Close loopholes over soring suspensions, says HSUS

Owners of Tennessee walking horses who are suspended for soring have the ability to sidestep the law by transferring the ownership of their horses to others so the animals can continue to compete, according to the Humane Society of the United States (HSUS).

The charity is urging the US Department of Agriculture (USDA) to close what it describes as loopholes in penalties for violations of the Horse Protection Act.

The HSUS asserted some owners were using the strategy “on the rare occasions” when they were accused of soring – the illegal use of chemical or mechanical irritants to encourage the higher gait known as the Big Lick.

The society wants the USDA to prohibit owners who are suspended (and who sign a consent agreement instead of challenging the violation) from transferring ownership of their horses to someone else for the duration of the suspension.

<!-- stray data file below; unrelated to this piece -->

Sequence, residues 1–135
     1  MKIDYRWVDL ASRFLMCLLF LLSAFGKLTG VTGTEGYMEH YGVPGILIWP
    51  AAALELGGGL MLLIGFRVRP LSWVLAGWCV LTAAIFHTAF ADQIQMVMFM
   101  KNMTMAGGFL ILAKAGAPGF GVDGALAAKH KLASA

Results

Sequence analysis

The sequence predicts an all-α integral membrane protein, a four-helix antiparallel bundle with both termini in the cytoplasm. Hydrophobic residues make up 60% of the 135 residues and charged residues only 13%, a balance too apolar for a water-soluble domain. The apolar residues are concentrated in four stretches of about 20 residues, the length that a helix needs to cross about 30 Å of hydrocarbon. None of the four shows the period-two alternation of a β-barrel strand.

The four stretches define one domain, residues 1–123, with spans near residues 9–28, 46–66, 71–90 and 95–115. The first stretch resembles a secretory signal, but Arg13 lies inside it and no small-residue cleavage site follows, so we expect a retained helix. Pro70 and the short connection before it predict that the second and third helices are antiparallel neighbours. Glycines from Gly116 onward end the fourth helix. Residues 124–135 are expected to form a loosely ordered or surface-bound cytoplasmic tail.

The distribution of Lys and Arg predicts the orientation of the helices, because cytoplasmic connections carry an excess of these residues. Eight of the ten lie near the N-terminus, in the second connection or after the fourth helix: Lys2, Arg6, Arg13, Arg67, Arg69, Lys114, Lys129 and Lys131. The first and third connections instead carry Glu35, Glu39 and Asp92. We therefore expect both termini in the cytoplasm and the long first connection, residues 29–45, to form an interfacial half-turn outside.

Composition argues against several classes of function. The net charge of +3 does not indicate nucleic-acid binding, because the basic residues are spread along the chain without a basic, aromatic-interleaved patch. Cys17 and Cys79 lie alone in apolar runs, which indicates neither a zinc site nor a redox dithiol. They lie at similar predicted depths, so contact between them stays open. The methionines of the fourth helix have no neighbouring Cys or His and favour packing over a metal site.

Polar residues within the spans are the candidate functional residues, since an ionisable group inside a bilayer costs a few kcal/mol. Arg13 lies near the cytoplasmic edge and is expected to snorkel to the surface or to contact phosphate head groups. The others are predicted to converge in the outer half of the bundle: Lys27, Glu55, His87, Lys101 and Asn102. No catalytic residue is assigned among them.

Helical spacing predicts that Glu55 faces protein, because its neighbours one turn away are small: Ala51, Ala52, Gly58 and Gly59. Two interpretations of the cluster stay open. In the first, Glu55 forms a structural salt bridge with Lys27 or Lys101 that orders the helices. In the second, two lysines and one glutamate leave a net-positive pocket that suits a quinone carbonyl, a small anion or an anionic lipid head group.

It says it has uncovered several examples of owners employing this tactic.

In one case, it alleges one owner transferred 10 horses to her husband in circumstances that would allow the horses to continue to be shown, thwarting the intent of the penalty.


One thought on “Close loopholes over soring suspensions, says HSUS

  • August 23, 2014 at 11:10 pm

    Every time you make a or broaden a law, it cost money. As usual the HSUS is jumping in to make something else illegal, even though it seldom happens. It does not happen, because the overwhelming number of people who are involved in TWH, do not abuse horses. The HSUS does not care, because it is not their money. It does not matter to them, that spending money on something that really does not happen might take benefits away from military veterans or some other more important function of government. All that matter to the HSUS, is getting publicity so people will donate to the HSUS and not local shelters that really take care of animals.


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